• Abnormal root formation in nearby teeth
  • Cystic lesions or tumors around the teeth
  • Baby teeth not erupting in time

It’s essential to remove supernumerary teeth if they affect your dental hygiene or other teeth.

What are the Chances of Having Hyperdontia?

In permanent teeth, the prevalence of hyperdontia varies from 0.1% to 3.8%. In baby teeth, the prevalence is 0.3% to 0.6%.1

Two additional teeth only occur in 12% to 23% of hyperdontia cases. The chances of having more than two extra teeth are fewer than 1% of all cases.

As many as 98% of supernumerary teeth are in the upper jaw. When hyperdontia develops in adult teeth, it’s twice as prevalent among males than females.

What Causes Hyperdontia?

The cause of hyperdontia remains unclear. However, it is believed that hyperdontia is associated with various hereditary conditions. These conditions include:5

  • Gardner’s Syndrome —a rare genetic condition that leads to skin cysts, skull growths, and colon growths.
  • Ehlers-Danlos Syndrome — an inherited disease that results in loose joints that easily dislocate, easily bruised skin, painful muscles and joints, and scoliosis.
  • Fabry disease — inability to sweat, painful hands and feet, a blue or red skin rash, and abdominal pain.
  • Cleft palate and lip — congenital birth defects result in an opening in the roof of the mouth or upper lip.
  • Cleidocranial dysplasia —abnormal growth of the skull and collarbone. 
  • Ellis van Creveld syndrome — a rare disorder that causes short limb dwarfism and additional fingers and toes.
  • Nance-Horan syndrome — causes dental abnormalities and congenital cataracts that result in poor vision.
  • Rubinstein-Taybi syndrome — causes distinctive facial features, short stature, and intellectual disability, as well as problems with the teeth, eyes, heart, and kidneys.
  • Trichorhinophalangeal syndrome — Bone and joint malformations, distinctive facial features, and abnormalities of the skin, hair, and teeth.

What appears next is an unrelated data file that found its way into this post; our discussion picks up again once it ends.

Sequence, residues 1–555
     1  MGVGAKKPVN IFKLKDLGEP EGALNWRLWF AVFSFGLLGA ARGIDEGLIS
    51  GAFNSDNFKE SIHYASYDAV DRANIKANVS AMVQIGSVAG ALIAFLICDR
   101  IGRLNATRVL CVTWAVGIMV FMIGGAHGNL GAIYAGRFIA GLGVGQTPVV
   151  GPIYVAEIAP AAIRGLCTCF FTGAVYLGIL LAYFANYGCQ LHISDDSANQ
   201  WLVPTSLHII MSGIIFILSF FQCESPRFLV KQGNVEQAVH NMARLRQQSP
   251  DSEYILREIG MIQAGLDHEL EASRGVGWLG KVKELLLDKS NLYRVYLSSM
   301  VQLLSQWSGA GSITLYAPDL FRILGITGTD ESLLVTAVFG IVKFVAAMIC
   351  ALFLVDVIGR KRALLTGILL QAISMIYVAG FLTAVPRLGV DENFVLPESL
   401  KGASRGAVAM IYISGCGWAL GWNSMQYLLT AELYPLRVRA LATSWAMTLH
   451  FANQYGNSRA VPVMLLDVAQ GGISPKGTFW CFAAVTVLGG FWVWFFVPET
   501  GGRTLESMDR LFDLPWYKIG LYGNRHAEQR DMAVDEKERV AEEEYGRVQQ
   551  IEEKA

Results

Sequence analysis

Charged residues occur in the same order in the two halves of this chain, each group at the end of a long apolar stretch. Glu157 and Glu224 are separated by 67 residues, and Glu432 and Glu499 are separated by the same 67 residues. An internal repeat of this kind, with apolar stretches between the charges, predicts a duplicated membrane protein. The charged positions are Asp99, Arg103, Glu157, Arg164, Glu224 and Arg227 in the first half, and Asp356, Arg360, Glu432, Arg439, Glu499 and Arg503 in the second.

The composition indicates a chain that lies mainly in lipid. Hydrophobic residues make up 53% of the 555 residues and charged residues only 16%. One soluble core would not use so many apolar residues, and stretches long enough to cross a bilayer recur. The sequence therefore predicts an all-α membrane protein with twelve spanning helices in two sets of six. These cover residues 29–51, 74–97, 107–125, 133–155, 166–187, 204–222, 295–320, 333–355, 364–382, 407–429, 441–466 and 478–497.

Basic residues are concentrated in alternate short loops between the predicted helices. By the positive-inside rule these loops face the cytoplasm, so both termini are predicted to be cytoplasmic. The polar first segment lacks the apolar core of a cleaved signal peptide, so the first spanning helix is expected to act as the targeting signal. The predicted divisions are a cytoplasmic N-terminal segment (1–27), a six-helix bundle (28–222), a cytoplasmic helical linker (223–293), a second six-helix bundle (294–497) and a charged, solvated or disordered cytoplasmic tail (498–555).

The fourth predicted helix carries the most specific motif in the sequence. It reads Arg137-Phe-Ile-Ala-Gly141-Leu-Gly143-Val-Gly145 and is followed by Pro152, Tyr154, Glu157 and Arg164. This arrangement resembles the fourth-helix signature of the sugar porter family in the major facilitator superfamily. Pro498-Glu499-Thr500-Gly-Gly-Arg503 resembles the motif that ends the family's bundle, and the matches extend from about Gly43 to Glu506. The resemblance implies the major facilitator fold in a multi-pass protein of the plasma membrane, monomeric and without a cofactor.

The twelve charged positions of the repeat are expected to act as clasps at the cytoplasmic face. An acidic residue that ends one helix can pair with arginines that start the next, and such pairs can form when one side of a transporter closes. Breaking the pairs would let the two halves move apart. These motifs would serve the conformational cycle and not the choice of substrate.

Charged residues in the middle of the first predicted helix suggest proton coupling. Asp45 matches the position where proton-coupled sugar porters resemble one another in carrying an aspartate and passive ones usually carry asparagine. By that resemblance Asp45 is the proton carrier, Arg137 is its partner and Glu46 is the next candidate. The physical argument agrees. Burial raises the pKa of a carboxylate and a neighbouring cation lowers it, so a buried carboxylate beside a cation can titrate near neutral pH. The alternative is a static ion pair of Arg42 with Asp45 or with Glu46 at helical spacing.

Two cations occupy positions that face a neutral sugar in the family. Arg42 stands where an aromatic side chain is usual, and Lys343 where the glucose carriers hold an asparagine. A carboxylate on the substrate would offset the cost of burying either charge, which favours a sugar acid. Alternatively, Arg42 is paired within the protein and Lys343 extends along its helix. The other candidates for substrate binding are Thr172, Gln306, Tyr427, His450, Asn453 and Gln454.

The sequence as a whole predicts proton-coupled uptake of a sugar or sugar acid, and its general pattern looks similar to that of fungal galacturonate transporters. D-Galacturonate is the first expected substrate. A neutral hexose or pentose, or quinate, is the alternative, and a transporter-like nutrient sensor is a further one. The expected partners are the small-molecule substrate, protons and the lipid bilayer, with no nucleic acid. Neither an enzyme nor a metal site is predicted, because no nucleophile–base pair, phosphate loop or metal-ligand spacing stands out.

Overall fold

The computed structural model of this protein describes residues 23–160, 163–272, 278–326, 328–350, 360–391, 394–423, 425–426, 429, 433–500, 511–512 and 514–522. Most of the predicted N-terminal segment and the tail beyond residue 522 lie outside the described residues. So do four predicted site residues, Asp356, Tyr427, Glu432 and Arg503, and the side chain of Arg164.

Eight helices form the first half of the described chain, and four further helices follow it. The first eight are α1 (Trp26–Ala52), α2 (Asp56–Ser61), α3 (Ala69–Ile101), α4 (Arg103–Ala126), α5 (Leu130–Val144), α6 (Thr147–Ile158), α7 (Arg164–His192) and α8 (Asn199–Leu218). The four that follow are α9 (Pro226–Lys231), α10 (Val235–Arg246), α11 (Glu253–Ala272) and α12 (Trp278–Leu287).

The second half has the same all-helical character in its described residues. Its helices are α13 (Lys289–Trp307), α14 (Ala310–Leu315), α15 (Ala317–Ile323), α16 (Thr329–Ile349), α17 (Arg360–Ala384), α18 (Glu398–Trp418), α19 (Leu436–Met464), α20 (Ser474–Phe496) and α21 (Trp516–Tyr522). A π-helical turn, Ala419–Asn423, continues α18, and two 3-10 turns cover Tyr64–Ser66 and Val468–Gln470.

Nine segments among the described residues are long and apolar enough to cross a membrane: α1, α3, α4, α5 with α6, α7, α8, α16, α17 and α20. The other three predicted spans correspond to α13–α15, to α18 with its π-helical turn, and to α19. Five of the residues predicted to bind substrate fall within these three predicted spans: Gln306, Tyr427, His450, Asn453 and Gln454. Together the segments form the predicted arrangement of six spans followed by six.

Other potential causes of hyperdontia include environmental factors and overactivity of the dental lamina during tooth growth. 

Where Do Extra Teeth Usually Develop?

There are also specific locations of the mouth where supernumerary teeth tend to develop:

  • Paramolar — develops in the back of your mouth, close to one of your molars.
  • Distomolar — grows in line with your other molars instead of around them.
  • Mesiodens — develops behind or around your incisors. This is the most prevalent type of extra tooth in people with hyperdontia.


Hyperdontia is a dental condition that causes more teeth to grow in the mouth. While the cause of hyperdontia isn’t fully understood, it could be caused by genetic or environmental factors.

Extra teeth can appear in different areas of the mouth. They can appear alone or in multiples and take on different shapes.

Hyperdontia is relatively harmless but can cause complications, discomfort, and gum disease. Dentists may need to remove the extra teeth. However, in other cases, it isn’t necessary.

Last updated on February 7, 2024
7 Sources Cited
Last updated on February 7, 2024
All NewMouth content is medically reviewed and fact-checked by a licensed dentist or orthodontist to ensure the information is factual, current, and relevant.

We have strict sourcing guidelines and only cite from current scientific research, such as scholarly articles, dentistry textbooks, government agencies, and medical journals. This also includes information provided by the American Dental Association (ADA), the American Association of Orthodontics (AAO), and the American Academy of Pediatrics (AAP).
  1. Amini, Fariborz, et al. “Prevalence and Pattern of Accessory Teeth (Hyperdontia) in Permanent Dentition of Iranian Orthodontic Patients.” Iranian journal of public health, 2013. 
  2. Nayak, Gurudutt, et al. “Paramolar – A supernumerary molar: A case report and an overview.” Dental research journal, 2012. 
  3. Ozden, Mehmet Cem, et al. “Bilateral molariform supernumerary teeth in the anterior maxilla: a report of two cases.” Journal of Istanbul University Faculty of Dentistry, 2017. 
  4. Gupta, Seema, and Nikhil Marwah. “Impacted supernumerary teeth-early or delayed intervention: decision making dilemma?.” International journal of clinical pediatric dentistry, 2012. 
  5. Subasioglu, Aslı, et al. “Genetic background of supernumerary teeth.” European journal of dentistry, 2015.
  6. Eshgian, Nareh, et al. “Prevalence of hyperdontia, hypodontia, and concomitant hypo-hyperdontia.” Journal of dental sciences, 2021.
  7. Ahammed, Haseeb, et al. “Surgical Management of Impacted Supernumerary Tooth: A Case Series.” International journal of clinical pediatric dentistry, 2021.